The History of English

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This topic contains 6 replies, has 4 voices, and was last updated by  twentynine 4 years, 5 months ago.

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  • #15805

    Chris
    Participant

    It must be said that there are some great podcasts out there that really get into the nitty-gritty of a subject in an interesting and engrossing way…….and this is one of them that captures the imagination of its listeners. This podcast is highly recommended for anyone wanting to learn more about, you guessed it, the history of the English language. It is so much more than that, but don't just take my word for it. Give it a go, it really is an interesting podcast that offers more than just isolated pockets of history about the language that 3 billion people (as native and a second language) speak today.  This story encompasses a host of pivotal elements that when combined provide a detail view of how one language split into many different languages including Germanic, Hellenic, Celtic, Italic, Indo-Iranian, Anatolian, Albanian etc. which are all related and come from the same (dead) langauge, the Indo-European langauge. Yes, French, Italian, Spanish, Portuguese, Icelandic, Danish, Swedish, Romanian, German, Welsh, Irish and Scottish Gaelic are all cousins as are Bengali, Punjabi, Hindi, Persian, Kurdish, Latvian, Russian, Polish, Czech, Slovakian, Bulgarian and Armenian are also cousins and too related to what we call Modern English. The podcast is ultimately a history podcast. The host, Kevin Stroud, provides us with a base history and uses different tools to explain how certain transitional shifts occurred between languages  by way of explaining these in easy to understand terms comparing specific words from different languages to each other, for example: pita (Sanskrit)


    > pater (Latin)


    > fadar (Gothic)


    > father (English). This is just the tip of the iceberg.
    "The History of English podcast is dedicated to the exploration of the history of the English language.  Beginning with the Indo-European origins of the language, Kevin Stroud explores the evolution of the language from an obscure Germanic dialect to the modern international language we have today."The main website is here: http://historyofenglishpodcast.podbean.com/ or here: http://historyofenglishpodcast.com/index.htmlOr, on iTunes here: https://itunes.apple.com/gb/podcast/history-of-english-podcast/id538608536Will be interesting to see what other people think (I spent half an hour explaining this to Alex (Frenchie) in one of our local pubs today after several beers).Enjoy  :)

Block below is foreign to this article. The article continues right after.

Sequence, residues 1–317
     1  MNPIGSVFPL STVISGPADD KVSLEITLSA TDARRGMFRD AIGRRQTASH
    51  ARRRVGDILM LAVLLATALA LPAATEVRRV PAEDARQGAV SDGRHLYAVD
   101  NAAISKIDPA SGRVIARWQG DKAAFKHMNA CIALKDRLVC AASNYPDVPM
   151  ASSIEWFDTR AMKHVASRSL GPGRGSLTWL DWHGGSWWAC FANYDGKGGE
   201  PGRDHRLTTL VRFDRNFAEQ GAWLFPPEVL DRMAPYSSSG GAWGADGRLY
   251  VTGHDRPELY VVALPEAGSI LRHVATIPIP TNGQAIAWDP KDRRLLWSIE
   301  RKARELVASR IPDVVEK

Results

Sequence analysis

• #18916

    twentynine
    Participant

    Oh yes. He did.

  • #18917

    Chris
    Participant

    Oh yes. He did.

    But in a good way I hope. One of the few times I did all the talking for that last half hour.....must have been a strange feeling for you  ;)

  • #18918

    twentynine
    Participant

    But in a good way I hope. One of the few times I did all the talking for that last half hour.....must have been a strange feeling for you  ;)

    I admit it was a bit weird. I'm not used to being the quiet one. ;DI did enjoy it though. Was fun to be on the other end of a lecture. And you convinced me. I've subscribed to the podcast and have the first 4 episodes on my ipod. I'll let you know what i think of them next time we meet and will try to remember to post my thoughts in this thread. I have high hopes though.Well played.Alex

  • #18919

    anonymous
    Participant

    Yup, this is my other favorite podcast right now!  Glad you're enjoying it too :)

  • #18920

    anonymous
    Participant

    I really enjoy this podcast. There was an old BBC series that went into the history of the language but I'm totally getting into Kevin's work. It's obvious that he's very enthusiastic about history and English. I like his approach to English and the root languages as 'spoken artifacts'. A great way to look at the language. Coming from the north of England I'm pretty aware of the impact on accents that the Norse and Germanic tribes had on the language but I wasn't as aware of the Indo-European stuff. Gripping!

  • #18921

    twentynine
    Participant

    Yeah. It's good.Not easy though. Despite trying to avoid making it a podcast about language rather than history there is a lot of grammer and linguistics involved. It can get heavy.Well worth it though. Very rewarding and will surprise you with the similarities between languages you would never imagine being related.

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